New Collection and Distribution Centre The Council has also found a home for Wellington Central Library’s collection of 400,000 items in Johnsonville. The Mayor says the Council is leasing a 2000 square metre, two storey site at 141 Johnsonville Road and will begin development on a new collection and distribution centre.
He says finding the right site marks a key milestone to making items in the Central Library collection accessible once more following the closure of the Central Library building earlier this year. It will give Wellington City Libraries Te Matapihi Ki Te Ao Nui a new centre to manage the entire network’s collection, as the Central Library previously provided this function.
“We’re extremely pleased with this location. It’s been a challenge to locate a safe and suitable space in Wellington which is large enough and ticks all the boxes. This site has excellent access to major transport routes and the building is structurally strong enough to house the collection, with the correct climatic conditions.”
The Council will use the present Johnsonville Library building as an interim extra warehouse facility, once the new Waitohi Library opens in December. The Mayor says more decisions have yet to be made around the new operating model, “but we’re happy to be in a position to now move ahead.”
Work to get the site ready is expected to take several months and items will be available to library members to request after the collection has been relocated.
Before then, Wellingtonians will see over 30,000 items across the CBD library network become available in the next few months: Arapaki Manners Library has a collection of 8,000 accessible items; He Matapihi Molesworth Library, due to open in October, will add around 5,000 items; and the new Brandon Street library will add another 20,000 items when it opens. Wellington’s 11 branch libraries presently hold around 250,000 items which library members can access.
Further information on the new Brandon Street library
Once completed, the new library is expected to be open Monday to Friday 8am to 8pm, Saturday and Sunday 9.30am to 5pm and have a 24/7 book returns facility.
Items in the collection will include fiction, non-fiction, audio-visual and world languages collections.
The new library will have dedicated zones with a variety of seating and spaces for quiet or collaborative work.
Popular programmes like Baby Rock ‘n’ Rhyme and pre-school storytimes are planned to be offered along with other events which could include book clubs and author talks, free movie screenings, creative projects and activities.
Customers will have access to the library catalogue and website, and a full range of self service options with staff on hand to help.
Public computers, printing and photocopying facilities will be available with free Wi-Fi.
Customers are able to borrow iPad minis for free for three weeks! Adult customers have been able to borrow iPad minis at the price of $5 per 3 weeks for a couple of years now – but from 15 August, the iPads have become free to borrow. So you now can take the opportunity to get connected with family and friends, read the most recent eBooks and eAudio (Libby and Borrowbox) and magazines (RBdigital), or update your computer skills with any one of the thousands of courses available (Lynda.com).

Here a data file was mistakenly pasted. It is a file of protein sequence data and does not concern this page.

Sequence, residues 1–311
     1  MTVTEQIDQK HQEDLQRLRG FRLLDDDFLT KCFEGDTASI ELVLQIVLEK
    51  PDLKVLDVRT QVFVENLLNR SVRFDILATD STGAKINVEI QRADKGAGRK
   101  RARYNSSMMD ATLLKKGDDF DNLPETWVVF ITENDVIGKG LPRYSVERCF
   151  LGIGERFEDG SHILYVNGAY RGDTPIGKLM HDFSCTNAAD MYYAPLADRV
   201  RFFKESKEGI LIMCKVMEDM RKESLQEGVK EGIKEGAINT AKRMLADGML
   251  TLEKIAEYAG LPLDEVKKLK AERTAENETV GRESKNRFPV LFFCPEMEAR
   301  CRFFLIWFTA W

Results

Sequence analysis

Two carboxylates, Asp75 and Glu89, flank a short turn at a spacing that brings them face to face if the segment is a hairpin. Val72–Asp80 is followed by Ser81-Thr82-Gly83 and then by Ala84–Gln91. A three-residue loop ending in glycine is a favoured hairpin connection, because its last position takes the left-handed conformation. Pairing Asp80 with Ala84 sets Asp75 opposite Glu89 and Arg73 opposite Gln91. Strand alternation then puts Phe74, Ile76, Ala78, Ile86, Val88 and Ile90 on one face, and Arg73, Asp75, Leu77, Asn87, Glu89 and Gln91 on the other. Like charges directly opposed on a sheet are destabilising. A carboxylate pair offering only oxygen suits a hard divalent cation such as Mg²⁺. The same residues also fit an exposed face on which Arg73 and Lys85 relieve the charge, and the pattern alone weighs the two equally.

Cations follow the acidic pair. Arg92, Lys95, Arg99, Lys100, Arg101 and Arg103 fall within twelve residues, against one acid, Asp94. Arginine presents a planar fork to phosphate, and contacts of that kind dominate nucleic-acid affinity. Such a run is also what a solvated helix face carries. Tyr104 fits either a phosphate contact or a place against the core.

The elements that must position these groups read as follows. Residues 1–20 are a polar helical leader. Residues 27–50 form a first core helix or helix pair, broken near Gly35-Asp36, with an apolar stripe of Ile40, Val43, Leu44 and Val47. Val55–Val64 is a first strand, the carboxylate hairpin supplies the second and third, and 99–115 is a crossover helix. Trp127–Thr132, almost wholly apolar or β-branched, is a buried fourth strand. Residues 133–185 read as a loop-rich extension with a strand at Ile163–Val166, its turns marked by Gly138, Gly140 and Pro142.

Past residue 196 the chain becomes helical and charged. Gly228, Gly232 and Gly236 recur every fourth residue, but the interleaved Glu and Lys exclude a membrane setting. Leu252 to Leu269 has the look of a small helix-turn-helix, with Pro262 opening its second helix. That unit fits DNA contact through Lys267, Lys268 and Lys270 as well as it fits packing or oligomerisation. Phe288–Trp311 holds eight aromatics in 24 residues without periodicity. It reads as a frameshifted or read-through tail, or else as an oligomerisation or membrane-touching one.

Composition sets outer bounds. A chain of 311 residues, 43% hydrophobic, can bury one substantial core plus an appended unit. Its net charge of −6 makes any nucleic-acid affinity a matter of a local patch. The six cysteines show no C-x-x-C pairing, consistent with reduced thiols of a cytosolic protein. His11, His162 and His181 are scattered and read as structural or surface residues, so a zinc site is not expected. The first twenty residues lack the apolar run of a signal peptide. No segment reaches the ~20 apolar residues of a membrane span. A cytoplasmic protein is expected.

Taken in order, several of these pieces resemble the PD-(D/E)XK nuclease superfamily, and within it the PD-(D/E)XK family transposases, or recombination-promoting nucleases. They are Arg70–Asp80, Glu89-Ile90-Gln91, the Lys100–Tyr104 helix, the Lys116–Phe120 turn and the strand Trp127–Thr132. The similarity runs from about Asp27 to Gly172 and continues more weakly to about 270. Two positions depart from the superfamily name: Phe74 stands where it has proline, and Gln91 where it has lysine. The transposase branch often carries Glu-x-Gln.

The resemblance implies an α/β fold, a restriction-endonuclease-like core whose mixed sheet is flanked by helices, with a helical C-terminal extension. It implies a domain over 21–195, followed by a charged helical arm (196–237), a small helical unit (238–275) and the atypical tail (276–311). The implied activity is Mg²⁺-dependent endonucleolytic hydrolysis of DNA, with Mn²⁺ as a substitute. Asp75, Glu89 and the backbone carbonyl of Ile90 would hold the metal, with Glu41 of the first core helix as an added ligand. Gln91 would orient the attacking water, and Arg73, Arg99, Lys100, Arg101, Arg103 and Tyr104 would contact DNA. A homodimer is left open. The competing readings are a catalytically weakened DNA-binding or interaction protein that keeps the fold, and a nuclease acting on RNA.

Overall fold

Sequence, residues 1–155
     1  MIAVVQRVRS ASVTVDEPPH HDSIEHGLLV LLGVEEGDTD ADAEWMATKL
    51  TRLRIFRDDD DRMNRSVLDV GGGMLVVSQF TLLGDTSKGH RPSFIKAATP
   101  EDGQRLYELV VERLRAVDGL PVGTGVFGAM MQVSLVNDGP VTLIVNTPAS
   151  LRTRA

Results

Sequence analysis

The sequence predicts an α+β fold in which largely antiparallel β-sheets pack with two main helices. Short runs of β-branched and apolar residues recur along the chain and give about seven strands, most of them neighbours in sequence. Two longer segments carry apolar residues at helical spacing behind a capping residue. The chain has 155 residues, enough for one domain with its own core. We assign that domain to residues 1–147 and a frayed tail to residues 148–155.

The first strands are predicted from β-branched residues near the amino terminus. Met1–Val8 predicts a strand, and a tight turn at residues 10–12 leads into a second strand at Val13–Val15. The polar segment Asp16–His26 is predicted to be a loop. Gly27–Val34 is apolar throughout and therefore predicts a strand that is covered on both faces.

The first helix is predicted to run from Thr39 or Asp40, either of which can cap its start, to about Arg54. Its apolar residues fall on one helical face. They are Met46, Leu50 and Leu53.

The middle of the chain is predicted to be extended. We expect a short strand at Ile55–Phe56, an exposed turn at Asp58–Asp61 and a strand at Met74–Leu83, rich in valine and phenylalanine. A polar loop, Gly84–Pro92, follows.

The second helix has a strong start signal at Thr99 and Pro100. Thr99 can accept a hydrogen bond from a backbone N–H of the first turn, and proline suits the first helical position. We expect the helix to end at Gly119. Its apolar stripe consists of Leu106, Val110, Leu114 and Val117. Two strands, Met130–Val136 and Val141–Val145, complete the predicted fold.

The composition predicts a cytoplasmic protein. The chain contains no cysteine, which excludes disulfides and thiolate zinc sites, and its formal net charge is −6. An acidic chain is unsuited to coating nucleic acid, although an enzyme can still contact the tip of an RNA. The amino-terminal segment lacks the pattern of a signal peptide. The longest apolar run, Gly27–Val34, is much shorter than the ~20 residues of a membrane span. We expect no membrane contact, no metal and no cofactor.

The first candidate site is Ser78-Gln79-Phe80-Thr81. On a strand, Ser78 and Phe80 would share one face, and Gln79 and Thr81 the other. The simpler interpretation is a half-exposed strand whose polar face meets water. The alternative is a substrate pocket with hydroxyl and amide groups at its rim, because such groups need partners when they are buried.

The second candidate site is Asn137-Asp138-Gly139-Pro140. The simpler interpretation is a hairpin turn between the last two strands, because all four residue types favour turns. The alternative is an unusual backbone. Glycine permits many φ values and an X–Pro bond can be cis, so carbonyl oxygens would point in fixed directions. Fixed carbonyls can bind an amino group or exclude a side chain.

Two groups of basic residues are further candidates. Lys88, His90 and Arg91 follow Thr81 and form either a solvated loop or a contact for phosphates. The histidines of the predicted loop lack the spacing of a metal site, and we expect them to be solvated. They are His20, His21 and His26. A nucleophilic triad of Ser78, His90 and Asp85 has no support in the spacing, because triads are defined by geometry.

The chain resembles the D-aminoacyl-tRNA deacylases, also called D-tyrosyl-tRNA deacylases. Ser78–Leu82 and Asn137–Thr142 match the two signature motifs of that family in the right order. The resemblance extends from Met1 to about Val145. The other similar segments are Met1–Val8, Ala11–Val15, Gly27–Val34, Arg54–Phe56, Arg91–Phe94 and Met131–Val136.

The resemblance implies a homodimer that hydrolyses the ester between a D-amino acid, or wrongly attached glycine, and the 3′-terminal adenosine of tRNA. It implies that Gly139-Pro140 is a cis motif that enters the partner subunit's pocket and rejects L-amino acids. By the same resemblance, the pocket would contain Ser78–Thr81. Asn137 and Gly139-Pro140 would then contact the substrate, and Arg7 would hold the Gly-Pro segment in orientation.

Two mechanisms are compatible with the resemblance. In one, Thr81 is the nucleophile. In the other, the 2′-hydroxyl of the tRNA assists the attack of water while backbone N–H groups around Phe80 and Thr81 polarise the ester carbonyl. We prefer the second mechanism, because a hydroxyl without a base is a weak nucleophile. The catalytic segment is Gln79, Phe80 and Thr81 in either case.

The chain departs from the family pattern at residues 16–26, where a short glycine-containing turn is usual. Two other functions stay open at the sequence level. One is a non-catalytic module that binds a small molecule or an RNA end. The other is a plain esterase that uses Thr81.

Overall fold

Tablets are able to be borrowed at the following libraries : Miramar, Ruth Gotlieb (Kilbirnie), Newtown, Island Bay, Mervyn Kemp (Tawa), Johnsonville, Khandallah and Karori.
Please make a booking if you would like a free introduction to the library’s eResources, and a staff member will contact you to confirm your tablet pickup time. Alternatively, ask one of our staff at the libraries above about borrowing a tablet, and if a tablet is available you will be able to borrow it immediately. (Please note: tablets cannot be renewed and must be returned to the issuing branch.)
Two streaming platforms — Kanopy and Beamafilm — are available for you to watch a huge selection of indie and world movies, film festival favourites, award-winning documentaries, classic cinema and kids movies!
On our website, you can access both of these streaming platforms from our eLibrary homepage.
You’ll find some introductory information below — plus both the Kanopy and Beamafilm websites have comprehensive help pages if you need more information.)
Create a Kanopy account — you’ll be prompted to select your library (Wellington City Libraries), and confirm your library card details (your PIN/password for your library card is your last name) – then away you go!
Films can be streamed from any internet connected device including computers, phones or tablets and on TV’s via Chromecast, AppleTV or HDMI. There’s also an app for Android and IOS devices.
What is Beamafilm? What kind of films does it have?
Beamafilm is a streaming platform that has a curated collection of international movies and documentaries, with a strong Australasian focus. They have over 500 movies to choose from and new titles are added regularly.
Who can access it?
It’s available to anyone who holds a Wellington City Libraries’ adult membership card (any adult membership card type). Just login using your library card details, then create a Beamafilm account to start watching movies.